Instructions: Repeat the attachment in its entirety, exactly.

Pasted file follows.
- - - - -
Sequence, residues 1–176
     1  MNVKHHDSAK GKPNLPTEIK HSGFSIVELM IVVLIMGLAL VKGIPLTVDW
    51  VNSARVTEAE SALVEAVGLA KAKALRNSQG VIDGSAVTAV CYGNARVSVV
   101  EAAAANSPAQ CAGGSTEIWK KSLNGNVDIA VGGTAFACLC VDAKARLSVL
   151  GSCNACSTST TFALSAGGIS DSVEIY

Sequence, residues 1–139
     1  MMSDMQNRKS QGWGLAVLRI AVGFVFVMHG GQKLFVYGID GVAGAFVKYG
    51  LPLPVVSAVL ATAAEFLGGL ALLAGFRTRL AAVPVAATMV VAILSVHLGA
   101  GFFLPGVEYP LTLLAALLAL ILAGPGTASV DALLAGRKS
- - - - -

Sequence, residues 1–176
     1  MNVKHHDSAK GKPNLPTEIK HSGFSIVELM IVVLIMGLAL VKGIPLTVDW
    51  VNSARVTEAE SALVEAVGLA KAKALRNSQG VIDGSAVTAV CYGNARVSVV
   101  EAAAANSPAQ CAGGSTEIWK KSLNGNVDIA VGGTAFACLC VDAKARLSVL
   151  GSCNACSTST TFALSAGGIS DSVEIY

Sequence, residues 1–139
     1  MMSDMQNRKS QGWGLAVLRI AVGFVFVMHG GQKLFVYGID GVAGAFVKYG
    51  LPLPVVSAVL ATAAEFLGGL ALLAGFRTRL AAVPVAATMV VAILSVHLGA
   101  GFFLPGVEYP LTLLAALLAL ILAGPGTASV DALLAGRKS